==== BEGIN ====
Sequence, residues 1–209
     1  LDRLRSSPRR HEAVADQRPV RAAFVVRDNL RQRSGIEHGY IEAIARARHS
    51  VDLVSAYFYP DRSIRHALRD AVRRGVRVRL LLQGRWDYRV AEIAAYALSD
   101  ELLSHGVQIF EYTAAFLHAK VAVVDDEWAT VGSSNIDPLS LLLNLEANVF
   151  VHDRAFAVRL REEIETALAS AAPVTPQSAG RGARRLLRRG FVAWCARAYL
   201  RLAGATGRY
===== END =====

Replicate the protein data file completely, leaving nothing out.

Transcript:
Sequence, residues 1–209
     1  LDRLRSSPRR HEAVADQRPV RAAFVVRDNL RQRSGIEHGY IEAIARARHS
    51  VDLVSAYFYP DRSIRHALRD AVRRGVRVRL LLQGRWDYRV AEIAAYALSD
   101  ELLSHGVQIF EYTAAFLHAK VAVVDDEWAT VGSSNIDPLS LLLNLEANVF
   151  VHDRAFAVRL REEIETALAS AAPVTPQSAG RGARRLLRRG FVAWCARAYL
   201  RLAGATGRY